“Luca gives a confidence level and says, okay based on a purchase of $80 at an Ampol, it’s 99% likely to be a fuel expense.”

It then automatically categorises the transaction as such in the Chart of Accounts.

“And we know how fuel should be treated from a tax perspective, so we’ve got all that logic double entry accounting system being performed automatically too,” said Nuciforo.

The platform also has a direct integration with the ATO, so that businesses can lodge their tax returns directly into the ATO system.

“From an accuracy perspective, we have tested it with real accountants, looking at our estimates versus what they would do manually,” said Nuciforo.


A scalable model

Nuciforo believes that younger Australian small business owners, those aged between 25-40 years old, are used to doing a lot of the techy things themselves – such as utilising websites, apps and smart automation tools.

“But when it comes to accounting, they’re still sitting on their computer and calling up an accountant to check the accounts.”

Nuciforo says a software like Xero doesn’t really help, as Xero was designed as a solution for accountants, not for business owners.

Thriday meanwhile has targeted a lot of its marketing efforts toward that 25-40 demographic, which it believes could provide the company with a big opportunity.

If done correctly, the bookkeeping segment is indeed one the most lucrative out there.

Xero for example started from nothing in 2006 in New Zealand, and has become a $18 billion giant.

MYOB, an Australian startup founded in the early 1980s, was delisted from the ASX in 2019 after being acquired by private equity firm KKR for $2.2 billion.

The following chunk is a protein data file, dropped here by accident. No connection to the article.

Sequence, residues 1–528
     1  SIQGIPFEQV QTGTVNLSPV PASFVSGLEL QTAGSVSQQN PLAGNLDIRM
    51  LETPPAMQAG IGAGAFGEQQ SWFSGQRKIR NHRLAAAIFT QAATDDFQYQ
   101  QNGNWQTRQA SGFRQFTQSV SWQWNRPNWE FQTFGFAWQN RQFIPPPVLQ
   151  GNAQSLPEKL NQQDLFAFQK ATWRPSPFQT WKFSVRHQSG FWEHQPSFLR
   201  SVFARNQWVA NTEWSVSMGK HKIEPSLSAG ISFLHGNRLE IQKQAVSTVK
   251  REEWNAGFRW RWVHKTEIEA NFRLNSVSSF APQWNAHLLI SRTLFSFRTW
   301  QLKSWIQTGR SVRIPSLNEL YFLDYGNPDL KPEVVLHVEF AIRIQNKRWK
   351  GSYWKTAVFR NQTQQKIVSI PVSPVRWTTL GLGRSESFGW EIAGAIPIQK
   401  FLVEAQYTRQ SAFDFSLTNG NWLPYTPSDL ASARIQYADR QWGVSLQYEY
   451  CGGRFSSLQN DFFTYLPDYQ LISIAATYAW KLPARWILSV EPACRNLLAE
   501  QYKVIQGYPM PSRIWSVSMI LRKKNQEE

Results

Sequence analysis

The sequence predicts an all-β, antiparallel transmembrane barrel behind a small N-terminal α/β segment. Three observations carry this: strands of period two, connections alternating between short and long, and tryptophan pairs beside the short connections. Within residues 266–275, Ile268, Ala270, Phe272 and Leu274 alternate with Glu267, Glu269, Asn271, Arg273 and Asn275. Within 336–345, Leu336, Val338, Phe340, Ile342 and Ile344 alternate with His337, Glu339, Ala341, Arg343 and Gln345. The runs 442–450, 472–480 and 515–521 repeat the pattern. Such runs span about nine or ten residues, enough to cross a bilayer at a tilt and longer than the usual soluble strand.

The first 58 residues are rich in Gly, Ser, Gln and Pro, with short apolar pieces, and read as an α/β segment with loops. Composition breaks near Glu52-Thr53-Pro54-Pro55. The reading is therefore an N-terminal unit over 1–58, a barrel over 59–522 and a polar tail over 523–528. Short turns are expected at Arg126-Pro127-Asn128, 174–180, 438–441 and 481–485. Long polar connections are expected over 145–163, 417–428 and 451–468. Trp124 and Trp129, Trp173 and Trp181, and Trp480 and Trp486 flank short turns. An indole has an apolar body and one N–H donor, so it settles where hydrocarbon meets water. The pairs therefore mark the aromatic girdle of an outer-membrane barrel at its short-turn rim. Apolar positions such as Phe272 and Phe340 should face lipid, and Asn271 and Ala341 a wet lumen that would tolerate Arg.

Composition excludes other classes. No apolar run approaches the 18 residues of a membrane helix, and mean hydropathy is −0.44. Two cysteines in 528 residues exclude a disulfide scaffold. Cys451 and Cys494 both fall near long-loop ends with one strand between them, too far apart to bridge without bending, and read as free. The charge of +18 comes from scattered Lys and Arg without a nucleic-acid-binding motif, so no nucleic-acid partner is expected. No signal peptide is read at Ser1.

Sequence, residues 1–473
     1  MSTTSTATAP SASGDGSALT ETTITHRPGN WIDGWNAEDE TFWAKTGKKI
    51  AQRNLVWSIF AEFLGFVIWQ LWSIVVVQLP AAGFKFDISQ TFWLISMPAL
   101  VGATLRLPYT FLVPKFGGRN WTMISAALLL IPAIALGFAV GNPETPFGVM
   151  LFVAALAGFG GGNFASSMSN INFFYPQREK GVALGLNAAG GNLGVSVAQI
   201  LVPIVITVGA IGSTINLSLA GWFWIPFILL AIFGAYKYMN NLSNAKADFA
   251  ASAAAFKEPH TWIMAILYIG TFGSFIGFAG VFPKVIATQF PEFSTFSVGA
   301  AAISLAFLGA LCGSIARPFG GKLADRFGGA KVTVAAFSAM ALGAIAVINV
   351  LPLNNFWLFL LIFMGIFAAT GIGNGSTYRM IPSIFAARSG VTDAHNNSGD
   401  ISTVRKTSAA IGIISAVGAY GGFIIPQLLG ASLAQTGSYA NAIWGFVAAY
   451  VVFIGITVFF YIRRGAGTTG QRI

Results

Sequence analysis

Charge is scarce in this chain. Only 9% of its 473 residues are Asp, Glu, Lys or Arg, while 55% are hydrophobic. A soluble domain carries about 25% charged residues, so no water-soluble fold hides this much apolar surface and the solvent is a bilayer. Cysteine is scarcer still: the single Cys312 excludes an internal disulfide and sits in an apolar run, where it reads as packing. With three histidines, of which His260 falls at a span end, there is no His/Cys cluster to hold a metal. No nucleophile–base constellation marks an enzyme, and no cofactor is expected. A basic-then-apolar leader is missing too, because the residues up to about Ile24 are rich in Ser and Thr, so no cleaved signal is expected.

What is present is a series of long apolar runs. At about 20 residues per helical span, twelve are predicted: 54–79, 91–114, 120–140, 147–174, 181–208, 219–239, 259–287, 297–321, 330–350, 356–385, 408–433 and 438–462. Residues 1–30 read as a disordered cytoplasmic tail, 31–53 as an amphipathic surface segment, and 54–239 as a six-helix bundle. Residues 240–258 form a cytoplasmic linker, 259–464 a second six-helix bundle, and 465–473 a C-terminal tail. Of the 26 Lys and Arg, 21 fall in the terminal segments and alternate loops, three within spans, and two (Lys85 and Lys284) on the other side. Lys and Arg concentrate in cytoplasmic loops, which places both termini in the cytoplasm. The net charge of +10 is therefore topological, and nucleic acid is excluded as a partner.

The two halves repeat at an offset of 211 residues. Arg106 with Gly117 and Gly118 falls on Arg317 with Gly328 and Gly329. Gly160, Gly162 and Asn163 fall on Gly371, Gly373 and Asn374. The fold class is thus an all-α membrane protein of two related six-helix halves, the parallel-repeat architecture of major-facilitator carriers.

“We’re really excited, and I think the longer vision for Thriday is that this model of automation is very scalable,” said Nuciforo.

“So our goal is to launch the platform in other markets, and we would have to train our data on another country.

“But we wouldn’t have to worry about having huge amounts of resources or people to do that.”


ASX-listed players in this space



Reckon provides software solutions for accounting and bookkeeping professionals.

The company sold its Practice Management Accountant Group business last year, and is now left with two remaining operating divisions targeting small businesses, accounting and bookkeeping firms and legal firms.

Reckon says it has over 117,000 people using its cloud SME products, and over 400,000 employees get paid in Australia via Reckon products.

In addition, five of the world’s top legal firms use Reckon’s solutions.



Founded in 2008, IODM owns software to automate and streamline the accounts receivable process, data analytics and communication for businesses large and small.

The company’s subscription model business serves clients in Australia, UK, US and Canada.

The IODM Connect platform brings digital automation to improve cashflow management as well as insight and analysis.

In the last ASX quarterly rebalancing, IODM was inducted into the S&P/ASX 300 Index.



Xero is the biggest listed player in this space.

Founded in Wellington, New Zealand in 2006, Xero was originally called Accounting 2.0.

By 2017, Xero had more than one million customers globally.

For FY23, Xero delivered revenue growth of 28%, driving a significant increase in free cash flow to $102.3 million.

However, the company’s net loss after tax worsened to $113.5 million from a $9 million loss in FY22, citing impairment from its acquisition Planday of $77.9 million.


The views, information, or opinions expressed in the interview in this article are solely those of the interviewee and do not represent the views of Stockhead.

Stockhead has not provided, endorsed or otherwise assumed responsibility for any financial product advice contained in this article.